Just 13 minutes remain, and the Giants are trailing Seattle, 19-14. They face
    third-and 13 from their own 32, and a desperate Manning heaves the ball toward
    the right sideline toward a double-covered Cruz near the Seattle 30.

    The ball should be batted away, but Seattle's Kam Chancellor only
    tips it, giving Cruz a chance. The opportunistic receiver reaches his right hand
    out and cradles the ball, tapping it to himself as he runs away from CB Richard Sherman
    and scampers into the end zone. The TD puts the Giants back in front, and while
    the Giants eventually lose, 36-25, Manning is impressed with Cruz after this

    "He makes a lot of big plays and he's understanding the offense and what he
    needs to do," Manning said. "He's still a young player. There's still room to

    5. THE GAME-WINNER…vs. Dolphins, Oct. 30

    It shouldn't have come to this, not against the winless Miami Dolphins. But
    somehow, the Giants are trailing, 17-13, with 8:28 to play. In two minutes,
    Manning drives Big Blue down to the Miami 25, but he's just missed Manningham in
    the end zone.

    On third-and-12, Cruz works his way open, catching a pass at the 14. Former
    Giant Will Allen
    tries to wrestle Cruz to the ground, but the wideout deftly spins off and dashes
    into the end zone, giving the Giants a 20-17 lead, their first - and only - edge
    of the afternoon.

    Cruz finishes with 99 receiving yards.

    "This game was a good one for me," he says. "There were very little mistakes.
    I saw what they were giving us."

    6. GETTING GOING AGAINST DALLAS…vs. Cowboys, Jan. 1

    For the first 10 minutes of this must-win game, the Giants offense has been
    quiet, and just moments ago, they were buried at their own 4-yard line. Now,
    they're on the 26, facing third-and-1.

    Cruz runs a simple slant for the first down, but when CB Terence Newman
    can't catch him, the wideout turns the ball upfield and blazes past everyone,
    scoring a 74-yard TD. The score breaks Newman's spirit - he's later briefly
    benched - and gives the Giants a 7-0 lead that they never relinquish.

    7. THE CRUSHING BLOW…vs. Cowboys, Jan. 1

    The Cowboys do manage to fight back, though, closing to 21-14 with 10:15 left
    in the game. Their defense is tightening and, with 9:22 to play, they have
    Manning where they want him, nearly sacked on third-and 7 at his own 28.

    But Manning spins away and, seeing Cruz 44 yards downfield, heaves a prayer
    of a pass. Cruz times his leap just ahead of new corner Orlando Scandrick
    and grabs the ball, leaving Scandrick frustrated. Six plays later, Lawrence Tynes hits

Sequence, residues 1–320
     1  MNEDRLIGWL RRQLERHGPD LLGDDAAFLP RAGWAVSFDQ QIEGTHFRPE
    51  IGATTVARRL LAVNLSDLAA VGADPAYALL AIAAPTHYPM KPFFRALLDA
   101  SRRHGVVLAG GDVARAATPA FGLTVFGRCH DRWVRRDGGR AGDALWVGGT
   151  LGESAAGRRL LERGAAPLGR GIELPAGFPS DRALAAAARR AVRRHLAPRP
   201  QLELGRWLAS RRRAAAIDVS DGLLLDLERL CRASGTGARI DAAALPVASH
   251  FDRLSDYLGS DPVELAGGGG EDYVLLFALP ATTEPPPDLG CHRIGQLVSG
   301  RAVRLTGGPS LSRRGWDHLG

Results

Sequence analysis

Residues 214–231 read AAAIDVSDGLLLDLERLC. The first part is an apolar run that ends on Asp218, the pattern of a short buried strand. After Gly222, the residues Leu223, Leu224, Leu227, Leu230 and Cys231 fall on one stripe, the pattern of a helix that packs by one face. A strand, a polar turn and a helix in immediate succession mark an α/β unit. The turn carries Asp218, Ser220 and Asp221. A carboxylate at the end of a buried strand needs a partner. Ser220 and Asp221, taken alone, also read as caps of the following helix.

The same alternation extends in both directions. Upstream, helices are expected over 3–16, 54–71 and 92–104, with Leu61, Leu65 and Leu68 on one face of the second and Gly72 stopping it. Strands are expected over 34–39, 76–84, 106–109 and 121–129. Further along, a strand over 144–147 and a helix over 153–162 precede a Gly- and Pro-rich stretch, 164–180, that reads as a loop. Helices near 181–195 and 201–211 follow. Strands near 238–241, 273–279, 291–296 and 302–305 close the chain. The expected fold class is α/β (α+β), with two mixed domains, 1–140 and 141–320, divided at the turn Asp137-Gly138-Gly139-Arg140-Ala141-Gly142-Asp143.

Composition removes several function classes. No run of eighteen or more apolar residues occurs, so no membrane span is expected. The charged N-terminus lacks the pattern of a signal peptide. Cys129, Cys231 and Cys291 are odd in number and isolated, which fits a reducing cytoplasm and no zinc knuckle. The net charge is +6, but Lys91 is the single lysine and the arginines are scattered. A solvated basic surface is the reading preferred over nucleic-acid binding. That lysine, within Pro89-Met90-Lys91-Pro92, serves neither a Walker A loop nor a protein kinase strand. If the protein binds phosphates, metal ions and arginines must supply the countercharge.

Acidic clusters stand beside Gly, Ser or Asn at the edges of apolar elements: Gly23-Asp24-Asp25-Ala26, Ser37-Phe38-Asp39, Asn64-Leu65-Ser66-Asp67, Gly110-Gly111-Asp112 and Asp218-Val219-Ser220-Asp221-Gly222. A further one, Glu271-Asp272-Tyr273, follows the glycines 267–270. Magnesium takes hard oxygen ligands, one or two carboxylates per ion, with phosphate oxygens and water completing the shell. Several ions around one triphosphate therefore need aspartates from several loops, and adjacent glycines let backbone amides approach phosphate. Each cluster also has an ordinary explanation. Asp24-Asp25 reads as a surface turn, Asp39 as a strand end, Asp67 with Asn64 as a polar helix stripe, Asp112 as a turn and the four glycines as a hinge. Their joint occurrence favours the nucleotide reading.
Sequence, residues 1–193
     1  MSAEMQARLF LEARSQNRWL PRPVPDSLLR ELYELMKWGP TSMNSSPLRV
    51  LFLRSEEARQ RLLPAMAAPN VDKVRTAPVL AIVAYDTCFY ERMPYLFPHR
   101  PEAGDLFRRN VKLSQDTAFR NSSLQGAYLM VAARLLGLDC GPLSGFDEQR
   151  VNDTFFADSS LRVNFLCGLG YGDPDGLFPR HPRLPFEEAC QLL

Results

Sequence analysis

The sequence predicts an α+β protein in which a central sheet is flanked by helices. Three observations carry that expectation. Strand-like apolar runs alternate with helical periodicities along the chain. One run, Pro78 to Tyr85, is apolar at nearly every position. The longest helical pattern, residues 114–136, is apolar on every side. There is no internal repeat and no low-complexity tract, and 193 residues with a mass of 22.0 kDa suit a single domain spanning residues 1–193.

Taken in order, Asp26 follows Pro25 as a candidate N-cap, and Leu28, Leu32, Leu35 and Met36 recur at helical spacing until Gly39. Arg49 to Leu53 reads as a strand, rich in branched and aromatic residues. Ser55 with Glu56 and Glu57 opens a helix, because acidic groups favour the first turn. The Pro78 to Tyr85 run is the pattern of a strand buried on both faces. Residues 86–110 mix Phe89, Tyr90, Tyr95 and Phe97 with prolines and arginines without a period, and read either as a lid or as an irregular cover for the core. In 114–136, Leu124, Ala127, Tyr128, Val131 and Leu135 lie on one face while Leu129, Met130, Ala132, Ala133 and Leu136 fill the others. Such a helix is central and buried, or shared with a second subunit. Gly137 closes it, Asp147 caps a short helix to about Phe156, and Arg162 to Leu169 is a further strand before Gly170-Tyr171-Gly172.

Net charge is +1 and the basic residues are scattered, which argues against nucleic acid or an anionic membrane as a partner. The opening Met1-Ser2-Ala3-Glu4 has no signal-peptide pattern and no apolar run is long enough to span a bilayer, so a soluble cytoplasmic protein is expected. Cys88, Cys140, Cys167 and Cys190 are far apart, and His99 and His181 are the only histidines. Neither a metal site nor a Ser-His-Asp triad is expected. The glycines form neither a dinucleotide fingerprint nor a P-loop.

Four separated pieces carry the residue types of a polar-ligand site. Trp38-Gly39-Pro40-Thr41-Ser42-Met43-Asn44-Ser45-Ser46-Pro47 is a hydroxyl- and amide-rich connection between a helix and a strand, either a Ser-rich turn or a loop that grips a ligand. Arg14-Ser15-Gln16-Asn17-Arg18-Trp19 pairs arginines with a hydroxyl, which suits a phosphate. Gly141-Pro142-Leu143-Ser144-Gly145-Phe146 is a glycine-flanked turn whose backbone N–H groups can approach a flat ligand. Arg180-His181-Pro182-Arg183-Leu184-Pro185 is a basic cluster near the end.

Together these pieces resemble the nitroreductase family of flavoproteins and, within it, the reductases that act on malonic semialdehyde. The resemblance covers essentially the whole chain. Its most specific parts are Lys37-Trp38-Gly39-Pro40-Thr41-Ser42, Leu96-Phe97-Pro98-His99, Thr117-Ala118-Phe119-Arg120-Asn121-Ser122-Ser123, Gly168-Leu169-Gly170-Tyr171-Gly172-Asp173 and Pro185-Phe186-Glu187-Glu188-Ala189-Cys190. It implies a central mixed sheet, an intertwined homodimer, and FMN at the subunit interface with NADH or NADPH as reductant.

a 28-yard field goal, the dagger score in a 31-14 win.

    8. THE DOOR SLAM…at Packers, Jan. 15

    The Giants are not supposed to be winning this NFC Divisional playoff game
    against the 15-1 Packers. Yet here they are at Lambeau Field, trying to hold
    onto a 30-20 lead with 4:31 to play. Green Bay has charged back into the game,
    and the Giants face third-and-11 from their 49.

    There is no Cruz touchdown here. Instead, he quietly makes the play of his
    life. Just 10 minutes after taking a knee to his thigh that forced him to
    briefly leave the game, he runs to the Green Bay 34 and finds a pocket in the
    zone, just in time to catch Manning's pass. The 17-yard first down knocks the
    life from the Pack as the Giants hang on for a 37-20 win.

    Cruz is smiling after the game, despite his injury.

    "It was nice to make a play like that," he says.

    9. THE JUMP STARTER…at 49ers, Jan. 22

    One quarter into the NFC Championship game, the normally explosive Giants
    offense has barely
    “Never argue with an idiot. They will only bring you down to their level and beat you with experience.” MB Rule # 1

  • #2

    You're the man!


    • #3

      [quote user="NYgiants141"]You're the man!

      “Never argue with an idiot. They will only bring you down to their level and beat you with experience.” MB Rule # 1


      • #4
        Re: NEWS, NOTES, RUMORS, AND GOSSIP: SATURDAY, JANUARY 28, 2012 - 11:53 A..M.

        thank you Ro.

        roughly 200 hours to go to kick off.....

        "Measure Twice......Cut Once"
        You couldn't be more full of **** if you were break dancing in a Port-a-Potty.......Kruunch


        • #5
          Re: NEWS, NOTES, RUMORS, AND GOSSIP: SATURDAY, JANUARY 28, 2012 - 11:53 A..M.

          thanks Roanoke!

          getting ready for the hype next week!

          Go Giants!



          • #6
            Re: NEWS, NOTES, RUMORS, AND GOSSIP: SATURDAY, JANUARY 28, 2012 - 11:53 A..M.

            [quote user="BigBlue1971"]

            thanks Roanoke!

            getting ready for the hype next week!

            Go Giants!


            There will be a deluge of media hoopla
            “Never argue with an idiot. They will only bring you down to their level and beat you with experience.” MB Rule # 1